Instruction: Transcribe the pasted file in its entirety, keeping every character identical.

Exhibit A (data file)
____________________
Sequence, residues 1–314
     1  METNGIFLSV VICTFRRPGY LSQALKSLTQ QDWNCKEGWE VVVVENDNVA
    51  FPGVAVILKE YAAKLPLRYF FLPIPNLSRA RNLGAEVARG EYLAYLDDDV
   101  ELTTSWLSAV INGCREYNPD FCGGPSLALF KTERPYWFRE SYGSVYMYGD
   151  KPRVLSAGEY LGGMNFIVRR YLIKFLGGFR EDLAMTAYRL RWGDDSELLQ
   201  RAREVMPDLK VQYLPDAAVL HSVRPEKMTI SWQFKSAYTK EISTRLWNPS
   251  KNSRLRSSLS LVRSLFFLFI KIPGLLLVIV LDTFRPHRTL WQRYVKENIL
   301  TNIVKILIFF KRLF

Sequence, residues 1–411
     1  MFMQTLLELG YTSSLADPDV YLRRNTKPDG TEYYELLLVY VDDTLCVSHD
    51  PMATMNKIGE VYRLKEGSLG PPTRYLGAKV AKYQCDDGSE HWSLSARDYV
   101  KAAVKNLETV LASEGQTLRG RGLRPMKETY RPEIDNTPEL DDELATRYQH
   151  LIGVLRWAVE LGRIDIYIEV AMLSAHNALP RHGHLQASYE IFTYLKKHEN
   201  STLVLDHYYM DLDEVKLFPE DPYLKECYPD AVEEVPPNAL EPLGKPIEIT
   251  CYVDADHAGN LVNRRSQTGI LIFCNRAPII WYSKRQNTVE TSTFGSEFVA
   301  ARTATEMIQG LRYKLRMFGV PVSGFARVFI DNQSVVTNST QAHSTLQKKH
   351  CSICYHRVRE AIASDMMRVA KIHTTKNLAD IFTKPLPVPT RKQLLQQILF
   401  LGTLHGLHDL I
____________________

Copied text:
Sequence, residues 1–314
     1  METNGIFLSV VICTFRRPGY LSQALKSLTQ QDWNCKEGWE VVVVENDNVA
    51  FPGVAVILKE YAAKLPLRYF FLPIPNLSRA RNLGAEVARG EYLAYLDDDV
   101  ELTTSWLSAV INGCREYNPD FCGGPSLALF KTERPYWFRE SYGSVYMYGD
   151  KPRVLSAGEY LGGMNFIVRR YLIKFLGGFR EDLAMTAYRL RWGDDSELLQ
   201  RAREVMPDLK VQYLPDAAVL HSVRPEKMTI SWQFKSAYTK EISTRLWNPS
   251  KNSRLRSSLS LVRSLFFLFI KIPGLLLVIV LDTFRPHRTL WQRYVKENIL
   301  TNIVKILIFF KRLF

Sequence, residues 1–411
     1  MFMQTLLELG YTSSLADPDV YLRRNTKPDG TEYYELLLVY VDDTLCVSHD
    51  PMATMNKIGE VYRLKEGSLG PPTRYLGAKV AKYQCDDGSE HWSLSARDYV
   101  KAAVKNLETV LASEGQTLRG RGLRPMKETY RPEIDNTPEL DDELATRYQH
   151  LIGVLRWAVE LGRIDIYIEV AMLSAHNALP RHGHLQASYE IFTYLKKHEN
   201  STLVLDHYYM DLDEVKLFPE DPYLKECYPD AVEEVPPNAL EPLGKPIEIT
   251  CYVDADHAGN LVNRRSQTGI LIFCNRAPII WYSKRQNTVE TSTFGSEFVA
   301  ARTATEMIQG LRYKLRMFGV PVSGFARVFI DNQSVVTNST QAHSTLQKKH
   351  CSICYHRVRE AIASDMMRVA KIHTTKNLAD IFTKPLPVPT RKQLLQQILF
   401  LGTLHGLHDL I